While no one short contribution can be expected to provide a great deal ofdepth, another important feature of this volume is the breadth of contributions,resulting in a well-rounded view of DA studies. For example, the benefits of amulti-disciplinary approach are lauded in a number of chapters, but aninteresting challenge to the status quo is presented by Shi-xu in Chapter 45.Contributions such as Tsui's (Chapter 27), which problematizes the ethnographicapproaches under discussion, also assist in making this a well-balanced volume.The inclusion of lists and explanations of other works the reader may wish toconsult in every chapter as well as cross-references to other chapters by someauthors, also makes the book a valuable stepping stone to the other importantworks in DA.

In one way, however, the volume could be criticised for a lack of consistencyacross the contributions. Take Part 1, for instance. All of the contributionsintroduce approaches to DA but they are undertaken in some very different ways.Schleppegrell (Chapter 2), for example, takes a traditional, literaturereview-style approach to outlining systemic functional linguistics. On the otherhand, Fairclough (Chapter 1) provides a very personal view in his introductionof critical discourse analysis, he does not provide a general outline of thefield but focuses on his own, most recent variant of it and how it isoperationalised within his own research. Lemke (Chapter 6) provides a verydifferent kind of contribution still. He continues the personal emphasis foundin Fairclough's contribution, but calls for a reconceptualisation of multimediaand DA with the utilisation of his own tale of how he came to the field, whichstemmed from his curiosity as to how ideas were transmitted whilst a juniorresearcher in theoretical physics. This variety in style makes for interestingreading, and each contribution is easily understood without much reference tothe rest of the volume needed; however, with no prior introduction to eachcontribution, either by the editors or through abstracts, for those only seekingto look into certain topics it might be difficult to find relevant chapters withonly chapter titles and the index as a guide. This problem is amplified by thelack of comprehensive introductory sections in some of the chapters. The mostobvious example of this is probably Lemke's contribution (discussed above)because it is not until his journey has been detailed that that the realconnection to the chapter title becomes apparent, and yet the problem raises itshead in a number of other chapters, many of which introduce the field they arewriting about but fail to detail what will be discussed in the remainder of thechapter (Jaspers (Chapter 10), Bazerman (Chapter 16), and Finegan (Chapter 34)being just some examples of this). The opportunity to link between chapters wasalso taken up by fewer authors than one might wish.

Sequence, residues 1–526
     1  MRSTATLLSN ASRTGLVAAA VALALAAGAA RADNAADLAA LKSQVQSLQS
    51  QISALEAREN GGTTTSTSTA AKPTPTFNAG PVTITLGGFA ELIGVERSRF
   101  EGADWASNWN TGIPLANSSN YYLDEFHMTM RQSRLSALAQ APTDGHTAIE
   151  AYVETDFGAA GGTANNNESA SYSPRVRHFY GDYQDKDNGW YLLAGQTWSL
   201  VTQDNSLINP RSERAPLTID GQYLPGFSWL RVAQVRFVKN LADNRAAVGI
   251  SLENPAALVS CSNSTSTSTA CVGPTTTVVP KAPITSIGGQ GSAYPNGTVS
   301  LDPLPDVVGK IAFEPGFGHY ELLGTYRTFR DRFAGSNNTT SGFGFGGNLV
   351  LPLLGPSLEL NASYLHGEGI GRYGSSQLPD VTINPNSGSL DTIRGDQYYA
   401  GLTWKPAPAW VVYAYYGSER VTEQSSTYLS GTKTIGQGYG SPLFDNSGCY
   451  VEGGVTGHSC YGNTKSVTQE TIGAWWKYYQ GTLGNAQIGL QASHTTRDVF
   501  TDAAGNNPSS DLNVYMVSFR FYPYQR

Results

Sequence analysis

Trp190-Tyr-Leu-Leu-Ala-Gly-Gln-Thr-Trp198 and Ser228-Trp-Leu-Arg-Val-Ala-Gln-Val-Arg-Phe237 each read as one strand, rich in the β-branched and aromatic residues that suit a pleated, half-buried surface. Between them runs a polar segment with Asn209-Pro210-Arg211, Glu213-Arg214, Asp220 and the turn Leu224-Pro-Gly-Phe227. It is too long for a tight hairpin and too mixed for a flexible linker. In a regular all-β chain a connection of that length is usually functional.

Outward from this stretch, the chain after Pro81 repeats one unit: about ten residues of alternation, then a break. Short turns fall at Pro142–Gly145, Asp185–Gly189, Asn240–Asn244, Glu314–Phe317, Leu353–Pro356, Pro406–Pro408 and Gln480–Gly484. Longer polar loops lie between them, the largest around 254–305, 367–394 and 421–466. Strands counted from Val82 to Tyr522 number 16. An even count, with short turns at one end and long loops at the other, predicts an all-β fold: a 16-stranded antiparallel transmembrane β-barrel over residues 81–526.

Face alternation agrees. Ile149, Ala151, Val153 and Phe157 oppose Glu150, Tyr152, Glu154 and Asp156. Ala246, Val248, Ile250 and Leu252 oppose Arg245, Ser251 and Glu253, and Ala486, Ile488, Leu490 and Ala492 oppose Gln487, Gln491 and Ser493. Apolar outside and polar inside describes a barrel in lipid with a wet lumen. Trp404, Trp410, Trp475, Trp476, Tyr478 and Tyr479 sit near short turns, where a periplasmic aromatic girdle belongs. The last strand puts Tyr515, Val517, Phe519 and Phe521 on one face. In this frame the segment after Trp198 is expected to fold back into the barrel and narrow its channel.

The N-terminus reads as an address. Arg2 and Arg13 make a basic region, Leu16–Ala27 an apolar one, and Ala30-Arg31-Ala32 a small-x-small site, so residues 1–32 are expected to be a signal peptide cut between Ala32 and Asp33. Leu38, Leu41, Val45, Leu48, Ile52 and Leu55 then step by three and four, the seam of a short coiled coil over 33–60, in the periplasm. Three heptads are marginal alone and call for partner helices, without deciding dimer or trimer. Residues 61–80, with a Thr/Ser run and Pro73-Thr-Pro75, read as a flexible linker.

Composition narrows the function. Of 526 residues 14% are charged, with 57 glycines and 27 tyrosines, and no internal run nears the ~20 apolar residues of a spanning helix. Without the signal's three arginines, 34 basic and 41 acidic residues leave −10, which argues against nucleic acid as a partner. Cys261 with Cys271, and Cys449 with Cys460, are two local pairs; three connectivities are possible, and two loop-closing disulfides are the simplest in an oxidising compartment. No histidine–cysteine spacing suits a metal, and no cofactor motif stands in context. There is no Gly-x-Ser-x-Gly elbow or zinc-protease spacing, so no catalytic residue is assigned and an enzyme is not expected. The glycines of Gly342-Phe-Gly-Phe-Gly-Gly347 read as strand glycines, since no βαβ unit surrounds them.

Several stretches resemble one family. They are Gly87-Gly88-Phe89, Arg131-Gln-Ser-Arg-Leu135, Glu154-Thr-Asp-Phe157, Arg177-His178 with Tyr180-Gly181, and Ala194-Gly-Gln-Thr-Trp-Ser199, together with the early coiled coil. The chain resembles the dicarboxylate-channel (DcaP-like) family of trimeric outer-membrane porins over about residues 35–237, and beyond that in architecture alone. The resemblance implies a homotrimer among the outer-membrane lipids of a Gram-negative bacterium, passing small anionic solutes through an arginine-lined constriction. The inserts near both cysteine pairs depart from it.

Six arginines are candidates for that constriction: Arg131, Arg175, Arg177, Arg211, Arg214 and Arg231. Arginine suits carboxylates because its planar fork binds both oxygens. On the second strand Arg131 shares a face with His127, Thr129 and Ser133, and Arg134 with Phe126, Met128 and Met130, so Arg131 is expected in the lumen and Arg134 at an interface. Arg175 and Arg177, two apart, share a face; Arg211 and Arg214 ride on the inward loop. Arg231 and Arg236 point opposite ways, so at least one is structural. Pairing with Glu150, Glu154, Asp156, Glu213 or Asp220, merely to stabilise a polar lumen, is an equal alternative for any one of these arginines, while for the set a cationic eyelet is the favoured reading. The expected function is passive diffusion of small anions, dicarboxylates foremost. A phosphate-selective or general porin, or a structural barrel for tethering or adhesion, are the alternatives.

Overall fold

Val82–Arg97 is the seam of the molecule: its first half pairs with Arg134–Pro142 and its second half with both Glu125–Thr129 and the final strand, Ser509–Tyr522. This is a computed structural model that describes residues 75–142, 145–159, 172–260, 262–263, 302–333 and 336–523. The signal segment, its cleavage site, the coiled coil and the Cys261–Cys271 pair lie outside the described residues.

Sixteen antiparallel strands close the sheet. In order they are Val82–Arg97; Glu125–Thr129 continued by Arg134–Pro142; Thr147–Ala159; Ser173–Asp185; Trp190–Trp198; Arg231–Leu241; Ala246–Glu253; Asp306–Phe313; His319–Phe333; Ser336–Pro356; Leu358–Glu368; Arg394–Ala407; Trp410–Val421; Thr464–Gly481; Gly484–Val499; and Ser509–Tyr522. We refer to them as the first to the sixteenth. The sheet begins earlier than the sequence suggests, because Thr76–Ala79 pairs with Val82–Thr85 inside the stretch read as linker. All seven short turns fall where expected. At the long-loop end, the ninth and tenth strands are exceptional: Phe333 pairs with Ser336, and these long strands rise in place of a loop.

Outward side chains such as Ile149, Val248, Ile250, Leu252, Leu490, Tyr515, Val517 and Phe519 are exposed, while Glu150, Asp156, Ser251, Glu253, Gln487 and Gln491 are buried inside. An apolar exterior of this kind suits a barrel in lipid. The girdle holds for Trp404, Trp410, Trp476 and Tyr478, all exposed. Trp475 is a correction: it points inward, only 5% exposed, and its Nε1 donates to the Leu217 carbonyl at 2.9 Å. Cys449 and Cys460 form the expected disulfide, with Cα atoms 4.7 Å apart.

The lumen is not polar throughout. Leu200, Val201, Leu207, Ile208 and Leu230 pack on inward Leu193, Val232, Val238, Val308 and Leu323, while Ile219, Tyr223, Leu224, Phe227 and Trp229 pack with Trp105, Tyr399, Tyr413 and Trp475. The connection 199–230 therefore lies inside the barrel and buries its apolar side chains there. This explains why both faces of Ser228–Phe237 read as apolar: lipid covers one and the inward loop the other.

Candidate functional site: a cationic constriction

The lack of explanation of key terms is also something that could be rectifiedin future editions. The issue is nowhere more evident than in the absence of anyintroductory discussion of the fundamental notion of discourse itself. A numberof contributors do discuss the fact that discourse can be understood indifferent ways or usefully explain what they mean by the term. However, giventhe multitude of ways it is used in different contexts, across differentdisciplines, and across contributions in the volume, it seems logical that thisis a term that should be explored, especially if this book is to be accessibleto the wide audience the editors intend. In the case of discourse, this issuecould be addresses with a fuller explanation in the Introduction (see Schiffrin,Tannen & Hamilton's (2003) introduction to a similar volume), while for otherterms, the inclusion of a glossary as a complement to the index would be helpful.

Despite the issues outlined above, there is little doubt that the volume will beof use for both students and researchers alike. For those new to DA, the varietyof approaches and applications discussed should help the researcher betterunderstand approaches to DA and how they might be useful in specific contexts.Moreover, because of the wide variety of outlooks presented, and the inclusionof remodelled approaches, new research, and arguments for more traditionalapproaches to be modified, there are likely to be interesting discoveries to bemade for even those with a strong background in DA.

REFERENCES

Schiffrin, Deborah, Deborah Tannen & Heidi E. Hamilton (eds.). 2003. TheHandbook of Discourse Analysis. Malden, MA: Wiley-Blackwell.

ABOUT THE REVIEWER

Amy Aisha Brown studied Applied Linguistics at the University of NottinghamNingbo, China and she is currently teaching in the International College ofNingbo University, China. Her main interest is in the analysis of discoursein the service of understanding the sociolinguistics of English in theworld today.

Page Updated: 11-Aug-2012